Accidental espionage

Opinion by Patrick Keddy

Corporate espionage is a term that conjures up a world of high-tech gadgets, intelligence agents in trench coats and organised criminal gangs.

Corporate espionage is a term that conjures up a world of high-tech gadgets, intelligence agents in trench coats and organised criminal gangs.

This is a world far removed from everyday life at the office – or is it? Companies today are spending an estimated £65 billion dealing with an on-going war against malicious outsiders, intent on accessing their information.

However, corporate espionage covers a broad range of activity, not all of it obviously criminal or malicious and there are many kinds of information and many ways of obtaining it. With money and attention being directed at shoring up IT systems, companies often ignore the risk presented by paper and can lose sight of the serious threat posed, often without intention, by their employees.

A recent Iron Mountain study revealed that office workers often form their own opinion as to what they can and cannot do with their employers' confidential and sensitive information. It found that one in three (32 per cent) employees were found to have taken or forwarded confidential information out of the office.

However it is when people change jobs that highly sensitive information is particularly vulnerable. More than half of European office workers who take information from their current employer when they switch jobs opt for confidential customer or client databases, despite data protection laws forbidding them to do so. Employees were found to leave armed with a range of information, including presentations, company proposals, strategic plans and product/service roadmaps.

Traditionally, consideration of the role the insider might play in corporate espionage has highlighted employees who take information out of a business. Securelist has drawn up a list of ‘insider' profiles to help companies recognise and understand high-risk groups.

This includes:

  • ‘The careless insider' –defined as a non-managerial employee who leaks information unintentionally
  • ‘The naïve insider' – vulnerable to unscrupulous ‘market research' or other confidence trick activity and those who leak information maliciously
  • ‘The saboteur' – often a disgruntled employee who feels passed over
  • ‘The disloyal insider' – generally someone about to leave the company.

It is vital that corporate information management policies address these risk categories, but what, if anything, should they do about employees who bring confidential information in? The recent Iron Mountain study revealed that over half (53 per cent) of those surveyed would jump at the chance to share such information with their current employer.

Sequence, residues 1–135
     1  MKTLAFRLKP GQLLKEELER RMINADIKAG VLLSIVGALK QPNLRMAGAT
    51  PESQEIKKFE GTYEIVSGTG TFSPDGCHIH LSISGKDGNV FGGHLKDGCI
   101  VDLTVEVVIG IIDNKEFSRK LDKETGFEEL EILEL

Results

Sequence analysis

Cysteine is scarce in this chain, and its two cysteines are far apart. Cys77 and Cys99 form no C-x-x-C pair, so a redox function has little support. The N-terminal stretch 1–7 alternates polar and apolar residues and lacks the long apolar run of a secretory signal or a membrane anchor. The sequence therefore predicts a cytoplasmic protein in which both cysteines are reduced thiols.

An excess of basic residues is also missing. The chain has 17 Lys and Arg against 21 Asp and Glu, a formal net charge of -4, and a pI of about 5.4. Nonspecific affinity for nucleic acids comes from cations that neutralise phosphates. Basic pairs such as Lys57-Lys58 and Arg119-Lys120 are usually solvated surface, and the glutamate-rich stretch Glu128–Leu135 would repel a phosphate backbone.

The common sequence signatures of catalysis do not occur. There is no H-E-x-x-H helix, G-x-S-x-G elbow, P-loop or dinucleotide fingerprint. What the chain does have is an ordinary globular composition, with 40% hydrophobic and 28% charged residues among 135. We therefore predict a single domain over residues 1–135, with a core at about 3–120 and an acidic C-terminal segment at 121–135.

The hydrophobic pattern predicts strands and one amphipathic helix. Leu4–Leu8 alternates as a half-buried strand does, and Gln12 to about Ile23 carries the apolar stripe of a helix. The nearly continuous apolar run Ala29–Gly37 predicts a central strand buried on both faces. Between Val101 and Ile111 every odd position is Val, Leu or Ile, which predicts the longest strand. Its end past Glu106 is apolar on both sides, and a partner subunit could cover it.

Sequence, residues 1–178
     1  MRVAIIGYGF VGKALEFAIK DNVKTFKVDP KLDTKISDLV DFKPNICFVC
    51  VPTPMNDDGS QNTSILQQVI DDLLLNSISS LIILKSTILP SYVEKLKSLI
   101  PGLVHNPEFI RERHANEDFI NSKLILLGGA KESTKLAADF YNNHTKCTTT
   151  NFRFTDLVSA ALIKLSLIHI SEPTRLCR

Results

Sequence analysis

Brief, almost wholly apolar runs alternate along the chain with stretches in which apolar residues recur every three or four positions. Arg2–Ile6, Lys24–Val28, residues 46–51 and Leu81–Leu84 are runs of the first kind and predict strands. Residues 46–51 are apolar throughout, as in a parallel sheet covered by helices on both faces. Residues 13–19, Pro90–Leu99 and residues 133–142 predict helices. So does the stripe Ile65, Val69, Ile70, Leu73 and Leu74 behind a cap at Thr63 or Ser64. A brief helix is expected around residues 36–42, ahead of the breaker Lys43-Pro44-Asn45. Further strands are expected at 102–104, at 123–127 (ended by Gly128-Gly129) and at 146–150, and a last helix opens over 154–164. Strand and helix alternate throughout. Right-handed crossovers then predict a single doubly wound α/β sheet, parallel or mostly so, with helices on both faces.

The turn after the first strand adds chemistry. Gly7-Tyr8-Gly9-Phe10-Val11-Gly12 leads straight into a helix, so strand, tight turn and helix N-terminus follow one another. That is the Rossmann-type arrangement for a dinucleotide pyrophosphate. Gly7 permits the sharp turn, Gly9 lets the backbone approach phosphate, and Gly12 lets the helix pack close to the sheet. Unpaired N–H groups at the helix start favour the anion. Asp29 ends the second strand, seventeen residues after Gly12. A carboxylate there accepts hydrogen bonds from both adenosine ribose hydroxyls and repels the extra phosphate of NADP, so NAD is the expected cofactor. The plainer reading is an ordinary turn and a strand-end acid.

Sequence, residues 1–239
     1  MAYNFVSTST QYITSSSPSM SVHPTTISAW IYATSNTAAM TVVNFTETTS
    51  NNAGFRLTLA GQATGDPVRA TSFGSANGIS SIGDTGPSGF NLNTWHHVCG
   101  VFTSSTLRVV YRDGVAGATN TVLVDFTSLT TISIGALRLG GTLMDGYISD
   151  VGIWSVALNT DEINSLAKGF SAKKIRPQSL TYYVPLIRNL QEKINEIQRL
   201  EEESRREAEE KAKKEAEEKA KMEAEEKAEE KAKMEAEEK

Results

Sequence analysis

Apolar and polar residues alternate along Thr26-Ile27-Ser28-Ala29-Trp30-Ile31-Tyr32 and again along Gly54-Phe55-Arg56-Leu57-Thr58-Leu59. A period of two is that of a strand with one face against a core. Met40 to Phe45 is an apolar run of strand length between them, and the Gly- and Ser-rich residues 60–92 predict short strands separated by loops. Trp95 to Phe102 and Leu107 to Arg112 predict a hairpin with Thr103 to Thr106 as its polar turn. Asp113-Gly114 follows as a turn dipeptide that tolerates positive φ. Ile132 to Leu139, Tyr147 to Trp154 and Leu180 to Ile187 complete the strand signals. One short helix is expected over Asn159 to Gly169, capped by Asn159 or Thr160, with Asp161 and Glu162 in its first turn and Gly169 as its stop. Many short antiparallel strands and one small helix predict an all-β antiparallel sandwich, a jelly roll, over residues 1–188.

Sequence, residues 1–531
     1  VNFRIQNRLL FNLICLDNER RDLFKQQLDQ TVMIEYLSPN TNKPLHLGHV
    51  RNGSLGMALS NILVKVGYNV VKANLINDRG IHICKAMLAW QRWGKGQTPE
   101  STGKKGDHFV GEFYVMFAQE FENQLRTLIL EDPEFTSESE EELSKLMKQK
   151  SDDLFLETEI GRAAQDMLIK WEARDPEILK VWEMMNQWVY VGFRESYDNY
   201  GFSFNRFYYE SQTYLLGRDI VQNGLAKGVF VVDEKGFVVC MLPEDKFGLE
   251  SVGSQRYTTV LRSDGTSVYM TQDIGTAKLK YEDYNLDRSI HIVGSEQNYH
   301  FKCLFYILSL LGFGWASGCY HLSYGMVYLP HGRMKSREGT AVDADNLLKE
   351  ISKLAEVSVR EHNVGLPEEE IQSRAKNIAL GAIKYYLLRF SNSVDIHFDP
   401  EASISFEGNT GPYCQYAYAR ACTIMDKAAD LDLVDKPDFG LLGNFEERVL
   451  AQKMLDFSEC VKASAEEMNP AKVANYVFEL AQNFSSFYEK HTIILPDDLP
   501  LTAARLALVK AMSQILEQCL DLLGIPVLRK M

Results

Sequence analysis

The survey also asked office workers across Europe what they would do if they had the chance to discover confidential information about a rival company, and uncovered some interesting national variations. Over two-thirds (69 per cent) of employees in France would seize the chance to discover confidential information, compared with 57 per cent for Spain, 50 per cent for the UK and just 33 per cent for Germany.

Office workers in Germany were also the most reluctant to share their insight, with just under a third (32 per cent) saying they would do so, compared with 51 per cent for the UK, 61 per cent for France and 63 per cent for Spain.

When compared against some of the other survey results, an interesting pattern emerges. The findings suggest a direct correlation between employee behaviour and the existence and communication of corporate guidelines.

For example, respondents from Germany were the most likely to say it was always made clear when their own company information was confidential (67 per cent of employees, compared with 56 per cent for the UK and Spain and just 49 per cent for France), and 80 per cent said they were aware of company guidelines about what information could or could not be removed from the office, falling to 66 per cent for the UK and just over half of respondents in France and Spain (57 and 56 per cent respectively.)

The message? Measures put in place to protect confidential information from leaking out of the company also appear to foster a code of conduct that employees apply to information belonging to other organisations.

The line between ethical/unethical behaviour will remain a blurred one. A fascination with competitor secrets can be a mark of people's loyalty towards their own employer and interest in their industry sector. It can be difficult to avoid glancing at the slides someone who works for a rival firm is reviewing on the train, or to ignore a discussion between competitor employees in the queue for coffee at a conference.

Yet most of us would draw the line at breaking and entering a company's premises to deliberately remove or copy confidential information. Between these two extremes there is a grey area where people are led by their personal moral code.

In other words, the most effective information management guidelines are not just those that protect information by controlling its storage, distribution, access, security and destruction; or even those that best educate employees in how information can inadvertently be revealed.

They are those that encourage employees to feel a sense of pride in, personal ownership of, and responsibility for the company's information.

Patrick Keddy is senior vice president of Iron Mountain Europe


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